Dramatic Romances, by Robert Browning

My Last Duchess

Ferrara

That’s my last Duchess painted on the wall,

Looking as if she were alive. I call

That piece a wonder, now: Fra Pandolf’s hands

Worked busily a day, and there she stands.

Will’t please you sit and look at her? I said

“Fra Pandolf” by design, for never read

Strangers like you that pictured countenance,

The depth and passion of its earnest glance,

But to myself they turned (since none puts by

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the curtain I have drawn for you, but I)

And seemed as they would ask me, if they durst,

How such a glance came there; so, not the first

Are you to turn and ask thus. Sir, ’twas not

Her husband’s presence only, called that spot

Of joy into the Duchess’ cheek: perhaps

Fra Pandolf chanced to say “Her mantle laps

Over my lady’s wrist too much,” or “Paint

Must never hope to reproduce the faint

Half-flush that dies along her throat”; such stuff

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Was courtesy, she thought, and cause enough

For calling up that spot of joy. She had

A heart — how shall I say — too soon made glad,

Too easily impressed; she liked whate’er

She looked on, and her looks went everywhere.

Sir, ’twas all one! My favour at her breast,

The dropping of the daylight in the West,

The bough of cherries some officious fool

Broke in the orchard for her, the white mule

She rode with round the terrace — all and each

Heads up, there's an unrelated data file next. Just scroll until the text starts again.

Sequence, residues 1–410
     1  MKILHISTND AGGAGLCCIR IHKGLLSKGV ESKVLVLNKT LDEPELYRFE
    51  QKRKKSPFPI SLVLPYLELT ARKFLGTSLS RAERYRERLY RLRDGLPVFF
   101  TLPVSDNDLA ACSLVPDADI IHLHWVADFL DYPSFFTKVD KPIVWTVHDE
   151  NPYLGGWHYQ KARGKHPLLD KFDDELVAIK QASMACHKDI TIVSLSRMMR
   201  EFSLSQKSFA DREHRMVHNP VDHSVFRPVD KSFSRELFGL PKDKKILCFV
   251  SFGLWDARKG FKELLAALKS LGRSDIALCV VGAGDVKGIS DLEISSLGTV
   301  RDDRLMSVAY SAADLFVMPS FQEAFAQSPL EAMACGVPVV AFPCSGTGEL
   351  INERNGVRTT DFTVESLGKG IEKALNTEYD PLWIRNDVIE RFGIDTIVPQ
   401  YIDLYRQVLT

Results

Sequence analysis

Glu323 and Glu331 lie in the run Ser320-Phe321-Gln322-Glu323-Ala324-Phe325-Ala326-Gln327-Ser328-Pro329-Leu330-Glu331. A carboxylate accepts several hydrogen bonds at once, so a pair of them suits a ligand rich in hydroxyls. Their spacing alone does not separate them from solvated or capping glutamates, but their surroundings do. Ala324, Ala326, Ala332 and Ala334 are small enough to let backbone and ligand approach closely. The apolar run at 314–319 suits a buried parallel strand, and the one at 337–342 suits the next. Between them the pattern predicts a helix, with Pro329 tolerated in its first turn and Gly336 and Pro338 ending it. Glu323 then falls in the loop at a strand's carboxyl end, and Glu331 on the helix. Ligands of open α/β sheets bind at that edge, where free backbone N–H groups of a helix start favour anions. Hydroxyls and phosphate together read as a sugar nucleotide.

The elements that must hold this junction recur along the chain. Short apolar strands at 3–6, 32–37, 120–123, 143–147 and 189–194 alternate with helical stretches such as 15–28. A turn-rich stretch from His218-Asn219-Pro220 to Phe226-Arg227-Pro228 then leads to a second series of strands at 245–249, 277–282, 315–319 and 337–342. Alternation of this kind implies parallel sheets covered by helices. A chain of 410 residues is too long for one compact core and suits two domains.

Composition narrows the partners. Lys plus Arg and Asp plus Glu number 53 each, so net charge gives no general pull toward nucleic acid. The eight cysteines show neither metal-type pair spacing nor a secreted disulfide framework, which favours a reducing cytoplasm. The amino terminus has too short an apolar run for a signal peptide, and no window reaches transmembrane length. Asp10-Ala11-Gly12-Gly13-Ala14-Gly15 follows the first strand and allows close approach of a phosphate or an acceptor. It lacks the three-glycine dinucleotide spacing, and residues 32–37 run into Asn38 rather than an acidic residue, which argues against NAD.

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Would draw from her alike the approving speech,

Or blush, at least. She thanked men — good! but thanked

Somehow — I know not how — as if she ranked

My gift of a nine-hundred-years-old name

With anybody’s gift. Who’d stoop to blame

This sort of trifling? Even had you skill

In speech (which I have not) to make your will

Quite clear to such an one, and say, “Just this

Or that in you disgusts me; here you miss,

Or there exceed the mark”— and if she let

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Herself be lessoned so, nor plainly set

Her wits to yours, forsooth, and made excuse,

E’en that would be some stooping; and I choose

Never to stoop. Oh sir, she smiled, no doubt,

Whene’er I passed her; but who passed without

Much the same smile? This grew; I gave commands;

Then all smiles stopped together. There she stands

As if alive. Will’t please you rise? We’ll meet

The company below, then. I repeat,

The Count your master’s known munificence

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Is ample warrant that no just pretence

Of mine for dowry will be disallowed;

Though his fair daughter’s self, as I avowed

At starting, is my object. Nay, we’ll go

Together down, sir. Notice Neptune, though,

Taming a sea-horse, thought a rarity,

Which Claus of Innsbruck cast in bronze for me!

“My Last Duchess” puts in the mouth of a Duke of Ferrara, a typical husband and art patron of the Renaissance, a description of his last wife, whose happy nature and universal kindliness were a perpetual affront to his exacting self-predominance, and whose suppression, by his command, has made the vacancy he is now, in his interview with the envoy for a new match, taking precaution to fill more acceptably.

3. Fra Pandolf, and 56. Claus of Innsbruck, are imaginary.

http://ebooks.adelaide.edu.au/b/browning/robert/dramatic/poem3.html

Last updated Wednesday, March 12, 2014 at 13:32